The Chapter 7 Trustee and President Prosecute Claims Against Republic.
The debtors brought an adversary proceeding against Republic shortly after filing for bankruptcy, which the Chapter 7 trustee prosecuted after conversion to Chapter 7.
The suit asserted claims against Republic for breach of contract, fraud, tortious interference with contract and business relations, and violation of the automatic stay.
The president brought claims individually against Republic for fraud, fraud in a real estate transaction, and negligent misrepresentation.
The parties consented to entry of final judgment by the bankruptcy court, which held a seven and one half day bench trial and then issued a 145-page written decision.
The Court Awards the Trustee Damages of $16,966,982.
The Court analyzed the breach of contract claim under Louisiana law, made applicable by the relevant agreements.
The Court held that the agreements’ prohibition on consequential damages was invalid under Louisiana law as to bad faith breaches. It found that Republic breached the agreements in bad faith “by not funding [the Debtors] directly, but instead putting in place a procedure to only pay certain vendors and employees that Republic deemed advantageous to enhance its collections.”
Further, Republic breached the factoring agreement by charging a $75,000 termination fee but taking the position that the agreement was not terminated and refusing to turn over funds it collected. The breaches were intentional or the result of gross misconduct and caused the debtors to fail as a going concern and file bankruptcy. Republic over-collected $584,250, caused the loss of the debtors’ legacy business, worth $4.974 million, and the loss of their prospective ammunition-focused business, worth $7.3 million.
The Court found that Republic also violated an implied duty of good faith and fair dealing by the same actions, as well as:
- essentially taking over the manufacturing function through, inter alia, approving or not payments to certain vendors and material suppliers,
- controlling the debtors’ workforce by choosing which employees to pay, and
- attempting to force vendors to pay Republic directly.
The Court found that Republic committed fraud by “repeatedly creat[ing] the impression in communications . . . that [the Debtors were] in default by being over-advanced.” Further, Republic misrepresented that funds were not available, without disclosing that it was using collections to pay down the inventory loan.
Had Republic not made these misrepresentations, the debtors would not have continued forwarding account invoices to Republic for processing. These actions caused the destruction of the debtors’ existing and prospective businesses.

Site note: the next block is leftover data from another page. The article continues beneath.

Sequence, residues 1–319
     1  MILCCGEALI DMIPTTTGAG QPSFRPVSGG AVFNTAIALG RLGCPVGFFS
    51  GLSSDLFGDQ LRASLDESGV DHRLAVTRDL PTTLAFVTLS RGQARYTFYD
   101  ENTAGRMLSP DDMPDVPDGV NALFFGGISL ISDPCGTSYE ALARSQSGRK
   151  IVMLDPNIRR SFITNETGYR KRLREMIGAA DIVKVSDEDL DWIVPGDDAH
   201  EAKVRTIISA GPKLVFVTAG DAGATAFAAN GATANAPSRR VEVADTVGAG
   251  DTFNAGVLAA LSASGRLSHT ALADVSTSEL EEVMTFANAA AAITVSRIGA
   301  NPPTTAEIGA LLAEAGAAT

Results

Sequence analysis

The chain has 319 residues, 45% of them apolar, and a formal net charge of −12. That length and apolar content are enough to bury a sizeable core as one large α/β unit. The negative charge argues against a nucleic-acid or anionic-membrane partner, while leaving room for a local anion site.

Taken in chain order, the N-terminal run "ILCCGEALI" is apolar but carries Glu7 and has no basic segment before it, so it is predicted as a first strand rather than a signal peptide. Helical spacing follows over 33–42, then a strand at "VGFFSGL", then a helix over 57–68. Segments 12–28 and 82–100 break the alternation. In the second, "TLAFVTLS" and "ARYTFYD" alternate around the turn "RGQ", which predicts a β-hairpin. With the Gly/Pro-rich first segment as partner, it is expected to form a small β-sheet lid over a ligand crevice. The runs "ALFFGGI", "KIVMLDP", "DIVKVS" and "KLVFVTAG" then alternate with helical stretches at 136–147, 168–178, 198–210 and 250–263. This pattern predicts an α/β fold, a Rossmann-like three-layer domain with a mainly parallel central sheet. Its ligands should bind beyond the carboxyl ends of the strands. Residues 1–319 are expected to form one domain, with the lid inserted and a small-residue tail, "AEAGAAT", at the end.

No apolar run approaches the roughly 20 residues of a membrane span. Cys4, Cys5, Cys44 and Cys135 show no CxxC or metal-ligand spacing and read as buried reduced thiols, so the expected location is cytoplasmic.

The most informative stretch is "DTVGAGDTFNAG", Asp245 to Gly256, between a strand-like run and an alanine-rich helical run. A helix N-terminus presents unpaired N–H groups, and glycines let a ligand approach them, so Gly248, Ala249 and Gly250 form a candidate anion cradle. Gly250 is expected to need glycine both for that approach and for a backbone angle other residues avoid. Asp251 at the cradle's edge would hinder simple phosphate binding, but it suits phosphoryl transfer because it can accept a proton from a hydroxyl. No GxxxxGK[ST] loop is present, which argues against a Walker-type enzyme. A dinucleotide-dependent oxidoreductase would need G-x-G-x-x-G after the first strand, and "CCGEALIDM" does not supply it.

The Court found that Republic grossly interfered with the debtors’ contracts and business relations by injecting itself into corporate governance, micromanaging which expenses were paid, and insisting on paying vendors and employees directly. It interfered with customer contracts by, among other things, wrongly withholding funds from the debtors, resulting in the debtors not paying these customers. The debtors suffered damages in the amount of $2,044,844 in lost net profits.
Violation of the Automatic Stay
The Court found that Republic violated the automatic stay by demanding post-petition that the debtors’ customers pay Republic instead of the debtors, refusing to turn over funds, and insisting that the factoring agreement was still in place, all in an effort to obtain a release.
These actions caused the debtors’ reorganization to fail. The Court ordered Republic to pay $490,000, the amount of administrative fees during the Chapter 11 phase of the case. Finding that the violations were willful, it awarded punitive damages of three times the amount ($1,470,000).
The Court Awards the President damages of $1,160,000
The Court found that Republic misrepresented to the president that it would honor the agreements and restore funding to the debtors if he provided collateral. The injuries caused included:
- obtaining an improper mortgage on the homestead,
- taking $225,00 in proceeds from the sale of the home, and
- pressuring the president to hurriedly sell his home, resulting in him selling it for $185,000 less than market value.
The Court also awarded exemplary damages of $750,000 “to serve as notice to the financial community that similar conduct will not be tolerated.”